Problem-solving is the ability to apply general physical principles to specific situations, usually expressed by equations. It is an essential skill in physics, and can also be useful for applying physics in everyday life as well. Analytical skills and problem-solving abilities can be applied to new situations, compared to a list of facts, which can never be extensive enough to include every possible circumstance. To solve physics problems, a certain amount of creativity and insight is required; this can be developed through experience and practice.

Although there is no simple step-by-step method that works for every problem, a three-stage process can be followed: Strategy, Solution, and Evaluation.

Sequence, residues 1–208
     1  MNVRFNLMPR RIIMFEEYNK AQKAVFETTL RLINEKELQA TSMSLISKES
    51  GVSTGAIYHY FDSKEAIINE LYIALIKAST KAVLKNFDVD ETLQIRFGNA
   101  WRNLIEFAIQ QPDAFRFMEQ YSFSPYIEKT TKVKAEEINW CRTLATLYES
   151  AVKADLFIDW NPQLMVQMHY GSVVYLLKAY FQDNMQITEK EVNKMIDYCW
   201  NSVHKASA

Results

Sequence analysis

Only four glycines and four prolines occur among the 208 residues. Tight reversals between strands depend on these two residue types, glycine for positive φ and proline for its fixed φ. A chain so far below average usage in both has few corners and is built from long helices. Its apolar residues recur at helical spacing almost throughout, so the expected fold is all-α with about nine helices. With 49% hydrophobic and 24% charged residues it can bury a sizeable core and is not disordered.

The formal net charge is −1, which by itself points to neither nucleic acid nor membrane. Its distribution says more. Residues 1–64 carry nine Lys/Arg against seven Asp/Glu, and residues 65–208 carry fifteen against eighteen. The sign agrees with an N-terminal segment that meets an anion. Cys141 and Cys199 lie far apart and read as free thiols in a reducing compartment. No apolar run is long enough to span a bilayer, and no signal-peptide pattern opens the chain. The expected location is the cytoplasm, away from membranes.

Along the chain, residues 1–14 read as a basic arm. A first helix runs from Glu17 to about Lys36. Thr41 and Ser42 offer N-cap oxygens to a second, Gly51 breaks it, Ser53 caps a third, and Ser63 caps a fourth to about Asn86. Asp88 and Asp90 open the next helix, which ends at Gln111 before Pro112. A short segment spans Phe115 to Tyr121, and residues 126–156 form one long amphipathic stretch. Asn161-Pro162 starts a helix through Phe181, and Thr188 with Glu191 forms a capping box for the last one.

- Strategy is the first stage of solving a problem. The goal is to determine the nature of the problem and then devise a strategy for resolving it.
- The solution stage is when the math is done. Substitute the knowns along with their units into the relevant equation and obtain numerical solutions complete with units.
- After obtaining a numerical answer, the last step is to evaluate its significance. This is done by checking units, determining if the answer is reasonable or not, and then determining what interesting information the result provides.

Ultimately, physics is about comprehending nature, and we solve physics problems to gain a better grasp of how nature works.

*The text is adapted from **Openstax, University Physics Volume 1, Section 1.7: Solving Problems in Physics.*

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